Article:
The bricks lead further north into the “East Wing,” which is uncharacteristically empty for the moment and in the midst of getting cleaned and ready for the engagement party tables and benches. The branches in the top right foreground are the Chinese Fringe Tree, which sits roughly in the middle on the east side of the house, and the trees beyond the Dutch-door gate are the parkway jacarandas. The adjacent neighbor’s choice of Queen palms along the eastern boundary has added more high shade and privacy for us without the dreaded “dungeon” effect. Once you start thinking about shade, you realize how many kinds there are: light shade, deep shade, dappled, etc.
Another structure that cools the house is the bath house/bird house off our bedroom. Around March we remove the glass panes and use only screens until around November, and the sliders from the bedroom to the bath house are constantly kept open to cool the bedroom through just the screen door. This side is so narrow that I can’t get a full-on photo. I begged for a bath house, Marty complied and built it single-handedly, and then I let parakeets take over. (Just because I am an unstable person, and Marty has learned to graciously live with that fact.) But neither of us realized at the outset what a cooling effect the structure would have on the main house, basically functioning like a screened-in sleeping porch.
The view out the bedroom, through the bath house to the east fence, through the canopy of the Chinese Fringe Tree, Chionanthus retusus, now forming its inky berries that will end up as navy blue bird shite splashed over plants, bricks, etc., but it’s easily hosed off, and I love hearing the birds (and squirrels) hopping around in the tree. You can see where the parakeets chewed into the wood above the roller blind.
Another structural change, admittedly a very low-effort one, was opening up this little sunroom off the kitchen on the west side. It’s been a revelation in air flow dynamics, and I’m convinced it’s now the lungs of the house. It’s always been used as a bedroom and was just this year finally emptied out and turned into a little reading room. In contrast to the privacy requirements of previous occupants, doors and windows have been flung open, and a screen door has been added to the doorway that leads to the porch off the driveway. Opening its doors and windows is now part of the morning ritual, along with making the coffee, feeding the cat, turning off the porch lights.
This door from the main house into the little sunroom has always been shut, too, again because privacy for its revolving teenage occupants was paramount. (I do wish I’d cleaned up a bit before photos.) Now I love to sit here and feel the cool air pour in off the garden in the evening and mix with cross-currents of ventilation coming from elsewhere in the house. The bungalow builders were masters at maximizing cross-currents, but it’s rare that their original intentions remain relevant as the original footprint is fiddled with by subsequent owners. The trick now for us is to keep the old sash-weight, double-hung windows in working order so the air can flow in from all directions. It’s a lot like taking care of an old wooden boat, and the floors creak just about as much too. (This article in Curbed discusses similar cooling and cross-flow strategies built into the old “shotgun shacks” of the South: “One of the most effective forms of air circulation is a ‘cross draft,’ an interior breeze that forms when two openings in a building -— windows, doors, and the like -— align.”)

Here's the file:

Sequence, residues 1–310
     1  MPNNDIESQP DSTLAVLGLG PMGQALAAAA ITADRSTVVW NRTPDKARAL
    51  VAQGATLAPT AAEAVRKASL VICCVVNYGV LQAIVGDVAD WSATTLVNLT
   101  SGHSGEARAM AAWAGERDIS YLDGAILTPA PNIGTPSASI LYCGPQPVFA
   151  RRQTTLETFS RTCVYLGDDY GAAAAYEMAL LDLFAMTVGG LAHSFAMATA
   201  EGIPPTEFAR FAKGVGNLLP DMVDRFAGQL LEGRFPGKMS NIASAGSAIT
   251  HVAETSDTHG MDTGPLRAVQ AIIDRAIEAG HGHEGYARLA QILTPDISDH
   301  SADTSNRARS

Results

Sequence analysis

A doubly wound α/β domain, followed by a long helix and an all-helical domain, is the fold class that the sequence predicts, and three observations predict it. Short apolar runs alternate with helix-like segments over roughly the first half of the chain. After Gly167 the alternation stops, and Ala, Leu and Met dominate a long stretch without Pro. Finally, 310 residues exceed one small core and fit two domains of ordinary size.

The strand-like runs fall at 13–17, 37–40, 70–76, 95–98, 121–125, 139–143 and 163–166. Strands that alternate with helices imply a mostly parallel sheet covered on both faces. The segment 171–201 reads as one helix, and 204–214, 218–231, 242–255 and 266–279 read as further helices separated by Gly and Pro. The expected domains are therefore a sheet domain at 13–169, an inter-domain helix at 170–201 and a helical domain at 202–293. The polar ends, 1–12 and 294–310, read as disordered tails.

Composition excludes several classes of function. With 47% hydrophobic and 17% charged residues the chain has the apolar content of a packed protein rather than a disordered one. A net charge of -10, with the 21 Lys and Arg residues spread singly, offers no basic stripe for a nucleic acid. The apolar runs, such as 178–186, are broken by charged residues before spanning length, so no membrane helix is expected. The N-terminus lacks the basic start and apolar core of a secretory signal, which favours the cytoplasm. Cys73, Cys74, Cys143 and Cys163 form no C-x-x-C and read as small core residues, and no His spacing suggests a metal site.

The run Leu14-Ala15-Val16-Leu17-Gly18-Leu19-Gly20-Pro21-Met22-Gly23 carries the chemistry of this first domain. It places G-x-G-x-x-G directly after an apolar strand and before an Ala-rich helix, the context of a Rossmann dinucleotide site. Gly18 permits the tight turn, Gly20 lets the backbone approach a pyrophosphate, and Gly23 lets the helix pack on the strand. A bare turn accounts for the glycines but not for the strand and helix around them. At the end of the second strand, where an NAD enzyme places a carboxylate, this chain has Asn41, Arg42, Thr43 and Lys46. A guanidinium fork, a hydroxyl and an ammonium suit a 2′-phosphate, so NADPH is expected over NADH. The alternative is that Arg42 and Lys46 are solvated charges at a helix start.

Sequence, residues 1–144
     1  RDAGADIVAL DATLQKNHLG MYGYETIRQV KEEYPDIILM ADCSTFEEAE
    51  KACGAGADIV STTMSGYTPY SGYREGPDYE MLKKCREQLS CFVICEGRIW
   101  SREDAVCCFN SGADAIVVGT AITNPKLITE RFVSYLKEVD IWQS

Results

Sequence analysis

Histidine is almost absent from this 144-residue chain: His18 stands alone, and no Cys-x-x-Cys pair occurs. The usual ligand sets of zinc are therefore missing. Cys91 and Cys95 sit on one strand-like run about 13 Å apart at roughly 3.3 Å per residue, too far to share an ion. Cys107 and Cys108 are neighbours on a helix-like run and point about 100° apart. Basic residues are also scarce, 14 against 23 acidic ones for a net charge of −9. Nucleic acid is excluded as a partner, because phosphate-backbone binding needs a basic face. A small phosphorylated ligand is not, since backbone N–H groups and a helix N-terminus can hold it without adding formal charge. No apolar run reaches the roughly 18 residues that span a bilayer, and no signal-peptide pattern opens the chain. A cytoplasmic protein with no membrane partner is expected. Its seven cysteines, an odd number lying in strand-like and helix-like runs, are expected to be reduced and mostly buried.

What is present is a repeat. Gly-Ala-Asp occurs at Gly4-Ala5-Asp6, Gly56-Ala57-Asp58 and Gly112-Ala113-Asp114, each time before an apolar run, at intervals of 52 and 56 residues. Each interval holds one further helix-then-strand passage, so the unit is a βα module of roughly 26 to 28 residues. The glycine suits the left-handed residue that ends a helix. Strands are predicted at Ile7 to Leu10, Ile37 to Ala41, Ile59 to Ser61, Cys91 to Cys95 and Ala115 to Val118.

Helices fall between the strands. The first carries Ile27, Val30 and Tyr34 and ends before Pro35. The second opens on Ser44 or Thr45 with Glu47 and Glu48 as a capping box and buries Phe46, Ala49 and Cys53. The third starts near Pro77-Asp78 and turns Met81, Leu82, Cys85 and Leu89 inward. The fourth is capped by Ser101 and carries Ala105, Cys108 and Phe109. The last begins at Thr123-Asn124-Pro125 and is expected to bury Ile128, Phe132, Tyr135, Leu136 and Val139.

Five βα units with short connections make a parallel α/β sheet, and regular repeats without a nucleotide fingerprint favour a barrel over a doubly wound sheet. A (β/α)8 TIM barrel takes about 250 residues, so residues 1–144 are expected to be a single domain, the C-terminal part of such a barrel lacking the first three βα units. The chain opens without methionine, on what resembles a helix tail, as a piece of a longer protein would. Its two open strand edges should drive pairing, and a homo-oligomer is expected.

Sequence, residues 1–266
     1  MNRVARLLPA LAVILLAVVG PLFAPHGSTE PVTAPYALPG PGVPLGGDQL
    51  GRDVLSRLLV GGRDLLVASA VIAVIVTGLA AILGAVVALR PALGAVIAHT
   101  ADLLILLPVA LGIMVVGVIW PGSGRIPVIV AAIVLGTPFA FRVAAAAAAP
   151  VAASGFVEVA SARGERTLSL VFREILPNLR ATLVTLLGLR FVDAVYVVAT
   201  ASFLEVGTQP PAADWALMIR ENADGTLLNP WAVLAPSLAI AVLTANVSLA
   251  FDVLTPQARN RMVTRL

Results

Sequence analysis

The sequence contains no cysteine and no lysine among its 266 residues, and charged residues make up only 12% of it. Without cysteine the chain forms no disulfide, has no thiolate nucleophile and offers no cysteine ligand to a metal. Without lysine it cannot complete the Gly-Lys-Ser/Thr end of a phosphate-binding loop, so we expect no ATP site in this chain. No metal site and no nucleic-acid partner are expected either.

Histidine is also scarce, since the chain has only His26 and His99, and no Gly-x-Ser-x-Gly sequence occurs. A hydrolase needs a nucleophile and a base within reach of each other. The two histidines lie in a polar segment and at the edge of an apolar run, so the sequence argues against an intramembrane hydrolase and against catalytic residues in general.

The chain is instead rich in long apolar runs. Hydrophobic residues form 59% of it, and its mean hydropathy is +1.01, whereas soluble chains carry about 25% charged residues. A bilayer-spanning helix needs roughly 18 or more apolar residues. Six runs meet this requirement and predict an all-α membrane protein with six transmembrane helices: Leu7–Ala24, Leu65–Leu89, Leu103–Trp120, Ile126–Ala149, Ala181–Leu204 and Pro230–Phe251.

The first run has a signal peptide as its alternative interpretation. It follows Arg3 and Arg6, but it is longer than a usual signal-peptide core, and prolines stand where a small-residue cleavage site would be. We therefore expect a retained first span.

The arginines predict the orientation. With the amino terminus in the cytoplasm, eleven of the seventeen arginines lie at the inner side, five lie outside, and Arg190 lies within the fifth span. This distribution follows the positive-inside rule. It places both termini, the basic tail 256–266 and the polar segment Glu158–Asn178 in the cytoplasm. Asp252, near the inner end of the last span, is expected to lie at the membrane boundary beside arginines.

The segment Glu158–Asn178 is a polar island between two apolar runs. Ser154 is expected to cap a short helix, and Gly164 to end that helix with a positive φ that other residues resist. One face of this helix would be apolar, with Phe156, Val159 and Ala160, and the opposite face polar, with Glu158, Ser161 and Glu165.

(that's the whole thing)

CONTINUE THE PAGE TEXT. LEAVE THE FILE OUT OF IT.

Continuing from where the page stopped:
“The idea of cooling a house in hot climates is nothing new—ancient Egypt used courtyards to promote air flow through buildings,” says Jonathan Hogg, associate at Ferguson & Shamamian Architects. “Providing air circulation is simply essential to summertime relief.” — Curbed, “How Houses Were Cooled Before Air Conditioning.”
The view of the garden directly outside the reading room windows, the brick walkway about 6 feet across, leading to the office (half of the former garage).
Possibly overplanted just a bit, but this is peak summer after all.
Just wide enough for a couple chairs and a table. The canvas painter’s drop cloth tarps are a low-tech hack for seasonal shade requirements. In summer the morning sun is directed blindingly on the doorway.
For brevity’s sake (ha!), I’ve limited this post to the back garden. The west side of the house is all driveway and workshop areas, partly concrete with some porous brick-on-sand areas, and we use overhead tarps here, too, in summer for shade when working on projects. The long, narrow, north-facing front garden is shaded by the parkway jacarandas. It is privacy-hedged by some shabby box on the north and ‘Little Ollie’s,’ dwarf olives, on the east. The Pearl Acacia has grown into an enormous shrub on the northwest corner of the house from all the cutting back it’s received to keep it from encroaching on the driveway, and I love the privacy and shade it gives the front porch and living room windows.
To sum it up, keeping the house cool is going to be an increasingly important consideration when planning the garden, and you might as well approach it directly, in contrast to our rather indirect, circuitous approach over the past 28 years.